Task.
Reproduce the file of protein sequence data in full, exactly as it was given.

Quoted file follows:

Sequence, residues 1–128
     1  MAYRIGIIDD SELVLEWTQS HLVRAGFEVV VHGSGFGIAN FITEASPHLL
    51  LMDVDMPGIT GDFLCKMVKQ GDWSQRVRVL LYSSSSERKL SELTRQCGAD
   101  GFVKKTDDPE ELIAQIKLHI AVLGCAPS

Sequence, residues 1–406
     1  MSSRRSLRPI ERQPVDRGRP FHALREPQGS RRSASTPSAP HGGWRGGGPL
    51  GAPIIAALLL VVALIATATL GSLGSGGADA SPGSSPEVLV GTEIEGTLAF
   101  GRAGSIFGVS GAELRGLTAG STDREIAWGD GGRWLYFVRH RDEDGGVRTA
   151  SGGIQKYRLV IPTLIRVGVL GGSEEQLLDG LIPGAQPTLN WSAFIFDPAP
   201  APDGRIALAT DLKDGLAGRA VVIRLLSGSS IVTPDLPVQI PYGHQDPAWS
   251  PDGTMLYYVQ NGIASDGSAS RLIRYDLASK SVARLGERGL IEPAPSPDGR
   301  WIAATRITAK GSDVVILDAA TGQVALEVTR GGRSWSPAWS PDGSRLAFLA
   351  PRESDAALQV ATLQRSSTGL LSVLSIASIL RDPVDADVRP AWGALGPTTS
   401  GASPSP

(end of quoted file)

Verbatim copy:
Sequence, residues 1–128
     1  MAYRIGIIDD SELVLEWTQS HLVRAGFEVV VHGSGFGIAN FITEASPHLL
    51  LMDVDMPGIT GDFLCKMVKQ GDWSQRVRVL LYSSSSERKL SELTRQCGAD
   101  GFVKKTDDPE ELIAQIKLHI AVLGCAPS

Sequence, residues 1–406
     1  MSSRRSLRPI ERQPVDRGRP FHALREPQGS RRSASTPSAP HGGWRGGGPL
    51  GAPIIAALLL VVALIATATL GSLGSGGADA SPGSSPEVLV GTEIEGTLAF
   101  GRAGSIFGVS GAELRGLTAG STDREIAWGD GGRWLYFVRH RDEDGGVRTA
   151  SGGIQKYRLV IPTLIRVGVL GGSEEQLLDG LIPGAQPTLN WSAFIFDPAP
   201  APDGRIALAT DLKDGLAGRA VVIRLLSGSS IVTPDLPVQI PYGHQDPAWS
   251  PDGTMLYYVQ NGIASDGSAS RLIRYDLASK SVARLGERGL IEPAPSPDGR
   301  WIAATRITAK GSDVVILDAA TGQVALEVTR GGRSWSPAWS PDGSRLAFLA
   351  PRESDAALQV ATLQRSSTGL LSVLSIASIL RDPVDADVRP AWGALGPTTS
   401  GASPSP